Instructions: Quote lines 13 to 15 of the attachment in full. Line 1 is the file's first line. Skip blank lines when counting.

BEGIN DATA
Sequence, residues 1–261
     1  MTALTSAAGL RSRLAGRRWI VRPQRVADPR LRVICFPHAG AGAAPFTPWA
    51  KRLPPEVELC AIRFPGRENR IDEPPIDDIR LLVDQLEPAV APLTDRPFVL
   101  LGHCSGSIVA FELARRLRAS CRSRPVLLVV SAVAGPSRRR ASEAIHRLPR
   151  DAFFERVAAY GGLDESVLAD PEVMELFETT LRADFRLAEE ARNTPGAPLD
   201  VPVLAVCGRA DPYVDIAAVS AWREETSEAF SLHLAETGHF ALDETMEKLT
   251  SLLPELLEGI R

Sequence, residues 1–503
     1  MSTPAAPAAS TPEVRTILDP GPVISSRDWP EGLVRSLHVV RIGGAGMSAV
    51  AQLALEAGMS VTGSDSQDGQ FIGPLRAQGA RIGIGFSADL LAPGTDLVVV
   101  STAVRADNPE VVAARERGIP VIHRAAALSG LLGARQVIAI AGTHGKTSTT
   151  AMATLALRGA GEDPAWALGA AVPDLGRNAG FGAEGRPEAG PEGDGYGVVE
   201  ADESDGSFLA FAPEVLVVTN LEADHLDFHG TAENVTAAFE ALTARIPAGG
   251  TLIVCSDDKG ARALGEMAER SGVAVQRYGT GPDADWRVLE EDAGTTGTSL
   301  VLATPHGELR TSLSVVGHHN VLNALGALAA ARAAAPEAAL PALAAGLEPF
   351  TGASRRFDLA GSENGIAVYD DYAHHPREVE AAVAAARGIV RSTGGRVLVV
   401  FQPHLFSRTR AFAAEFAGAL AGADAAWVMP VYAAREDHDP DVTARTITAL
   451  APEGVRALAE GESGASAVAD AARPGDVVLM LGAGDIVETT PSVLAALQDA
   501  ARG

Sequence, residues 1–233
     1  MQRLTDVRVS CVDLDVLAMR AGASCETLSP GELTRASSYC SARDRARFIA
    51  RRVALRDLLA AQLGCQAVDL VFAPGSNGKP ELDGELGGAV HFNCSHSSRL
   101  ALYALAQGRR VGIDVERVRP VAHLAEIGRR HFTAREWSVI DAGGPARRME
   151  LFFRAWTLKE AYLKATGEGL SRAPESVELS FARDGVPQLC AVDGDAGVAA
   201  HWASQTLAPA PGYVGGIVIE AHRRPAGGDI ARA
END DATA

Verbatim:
   201  ADESDGSFLA FAPEVLVVTN LEADHLDFHG TAENVTAAFE ALTARIPAGG
   251  TLIVCSDDKG ARALGEMAER SGVAVQRYGT GPDADWRVLE EDAGTTGTSL
   301  VLATPHGELR TSLSVVGHHN VLNALGALAA ARAAAPEAAL PALAAGLEPF